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Dickinson v. Zurko
United States Supreme Court
527 U.S. 150 (1999)
Mary Zurko applied for a patent on a method of increasing computer security. The United States Patent and Trademark Office (PTO) examiner rejected Zurko’s application on the ground of obviousness in light of the prior art. The PTO appeals board affirmed. Zurko appealed to the United States Court of Appeals for the Federal Circuit, of which a panel reviewed the case. The panel treated the prior-art issue as one of fact and held that the PTO’s factual finding was clearly erroneous. However, the standard of review raised a separate question. The Administrative Procedure Act (APA), which established standards of judicial review of findings of fact by federal agencies, stated in § 706 that a reviewing court shall set aside agency findings that are arbitrary, capricious, or an abuse of discretion. The Federal Circuit reconvened en banc and determined that, despite § 706, clearly erroneous remained the preferable standard—a somewhat stricter standard that allowed for closer judicial review. The PTO disagreed, urging that the § 706 standard applied to Federal Circuit review. Acting PTO commissioner Q. Todd Dickinson petitioned the United States Supreme Court for certiorari to resolve the dispute. Certiorari was granted. The Federal Circuit cited APA § 559, which allowed for exceptions to the § 706 standard for additional requirements recognized by law. The Federal Circuit presented 89 examples of opinions from its predecessor, the Court of Customs and Patents Appeals, that purportedly represented a recognized pre-APA standard of review, though the cited cases used inconsistent standards, and none used the term “clearly erroneous.”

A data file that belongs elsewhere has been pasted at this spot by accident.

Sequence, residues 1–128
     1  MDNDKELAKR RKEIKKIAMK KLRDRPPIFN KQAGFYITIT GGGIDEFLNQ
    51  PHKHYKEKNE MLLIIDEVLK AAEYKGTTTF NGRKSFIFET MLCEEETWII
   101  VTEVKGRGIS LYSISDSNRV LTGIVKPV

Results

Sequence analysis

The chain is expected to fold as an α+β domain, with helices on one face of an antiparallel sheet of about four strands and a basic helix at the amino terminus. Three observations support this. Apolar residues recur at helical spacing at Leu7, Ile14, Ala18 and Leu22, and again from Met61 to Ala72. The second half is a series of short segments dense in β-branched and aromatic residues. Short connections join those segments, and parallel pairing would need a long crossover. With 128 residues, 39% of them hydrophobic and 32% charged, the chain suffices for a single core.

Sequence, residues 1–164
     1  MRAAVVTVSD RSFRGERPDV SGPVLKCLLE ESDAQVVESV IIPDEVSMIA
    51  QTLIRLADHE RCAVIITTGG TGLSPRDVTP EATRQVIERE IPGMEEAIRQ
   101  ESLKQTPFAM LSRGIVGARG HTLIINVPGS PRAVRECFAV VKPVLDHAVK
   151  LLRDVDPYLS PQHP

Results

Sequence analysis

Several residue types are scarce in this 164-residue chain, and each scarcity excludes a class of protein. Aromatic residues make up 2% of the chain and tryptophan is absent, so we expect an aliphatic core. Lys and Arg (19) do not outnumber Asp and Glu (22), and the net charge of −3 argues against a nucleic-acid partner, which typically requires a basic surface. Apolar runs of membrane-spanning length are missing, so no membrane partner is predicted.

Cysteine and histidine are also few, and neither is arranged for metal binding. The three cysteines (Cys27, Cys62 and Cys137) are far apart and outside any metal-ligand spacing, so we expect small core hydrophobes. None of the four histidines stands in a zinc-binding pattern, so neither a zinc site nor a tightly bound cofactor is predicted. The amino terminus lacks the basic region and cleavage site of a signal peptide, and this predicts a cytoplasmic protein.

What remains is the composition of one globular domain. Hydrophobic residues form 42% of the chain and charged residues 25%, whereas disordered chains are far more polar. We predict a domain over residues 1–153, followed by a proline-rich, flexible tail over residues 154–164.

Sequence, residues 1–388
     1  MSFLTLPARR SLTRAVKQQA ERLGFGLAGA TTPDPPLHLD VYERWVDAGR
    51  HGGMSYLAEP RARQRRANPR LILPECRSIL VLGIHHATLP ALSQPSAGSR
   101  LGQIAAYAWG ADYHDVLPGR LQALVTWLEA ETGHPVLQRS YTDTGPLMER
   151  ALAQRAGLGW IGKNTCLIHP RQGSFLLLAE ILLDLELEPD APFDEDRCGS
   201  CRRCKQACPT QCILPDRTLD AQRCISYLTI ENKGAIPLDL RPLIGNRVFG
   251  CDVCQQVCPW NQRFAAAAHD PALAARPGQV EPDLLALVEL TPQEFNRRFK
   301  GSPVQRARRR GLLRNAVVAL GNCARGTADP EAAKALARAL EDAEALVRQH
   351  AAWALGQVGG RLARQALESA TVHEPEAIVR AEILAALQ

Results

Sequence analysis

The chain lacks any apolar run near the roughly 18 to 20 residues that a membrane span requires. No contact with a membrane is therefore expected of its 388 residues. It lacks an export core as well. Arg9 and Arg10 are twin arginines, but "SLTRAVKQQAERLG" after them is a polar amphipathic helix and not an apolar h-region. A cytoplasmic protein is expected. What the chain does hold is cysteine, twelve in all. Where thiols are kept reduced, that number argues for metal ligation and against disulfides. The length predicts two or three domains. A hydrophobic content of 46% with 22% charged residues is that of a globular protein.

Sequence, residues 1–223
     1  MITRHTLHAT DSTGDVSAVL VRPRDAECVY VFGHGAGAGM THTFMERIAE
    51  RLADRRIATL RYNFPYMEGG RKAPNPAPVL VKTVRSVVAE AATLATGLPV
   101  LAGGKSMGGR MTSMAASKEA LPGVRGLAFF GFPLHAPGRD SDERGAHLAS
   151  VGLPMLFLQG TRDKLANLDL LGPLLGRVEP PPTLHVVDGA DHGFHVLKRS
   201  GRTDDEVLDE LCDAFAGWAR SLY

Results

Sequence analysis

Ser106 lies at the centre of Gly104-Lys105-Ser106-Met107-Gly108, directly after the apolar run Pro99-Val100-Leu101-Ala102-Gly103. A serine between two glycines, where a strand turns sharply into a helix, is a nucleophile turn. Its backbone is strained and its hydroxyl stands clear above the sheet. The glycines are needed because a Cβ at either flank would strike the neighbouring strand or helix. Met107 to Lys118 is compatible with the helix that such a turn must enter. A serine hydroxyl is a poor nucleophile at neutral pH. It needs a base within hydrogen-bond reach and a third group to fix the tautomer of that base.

Rule of Law
Holding and Reasoning (Breyer, J.)
Dissent (Rehnquist, C.J.)
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